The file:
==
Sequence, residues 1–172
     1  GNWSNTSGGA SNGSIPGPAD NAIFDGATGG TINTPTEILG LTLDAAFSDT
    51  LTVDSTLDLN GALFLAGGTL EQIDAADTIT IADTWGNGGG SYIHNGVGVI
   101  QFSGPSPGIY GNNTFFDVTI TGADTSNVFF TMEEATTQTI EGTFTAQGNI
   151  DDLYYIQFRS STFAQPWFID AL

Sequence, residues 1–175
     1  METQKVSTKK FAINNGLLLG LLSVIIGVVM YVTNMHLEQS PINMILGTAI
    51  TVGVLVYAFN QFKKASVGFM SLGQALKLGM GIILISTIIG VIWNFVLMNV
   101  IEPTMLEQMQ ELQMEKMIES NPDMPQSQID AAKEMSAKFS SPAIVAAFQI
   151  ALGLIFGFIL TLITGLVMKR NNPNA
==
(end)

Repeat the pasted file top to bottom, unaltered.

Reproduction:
Sequence, residues 1–172
     1  GNWSNTSGGA SNGSIPGPAD NAIFDGATGG TINTPTEILG LTLDAAFSDT
    51  LTVDSTLDLN GALFLAGGTL EQIDAADTIT IADTWGNGGG SYIHNGVGVI
   101  QFSGPSPGIY GNNTFFDVTI TGADTSNVFF TMEEATTQTI EGTFTAQGNI
   151  DDLYYIQFRS STFAQPWFID AL

Sequence, residues 1–175
     1  METQKVSTKK FAINNGLLLG LLSVIIGVVM YVTNMHLEQS PINMILGTAI
    51  TVGVLVYAFN QFKKASVGFM SLGQALKLGM GIILISTIIG VIWNFVLMNV
   101  IEPTMLEQMQ ELQMEKMIES NPDMPQSQID AAKEMSAKFS SPAIVAAFQI
   151  ALGLIFGFIL TLITGLVMKR NNPNA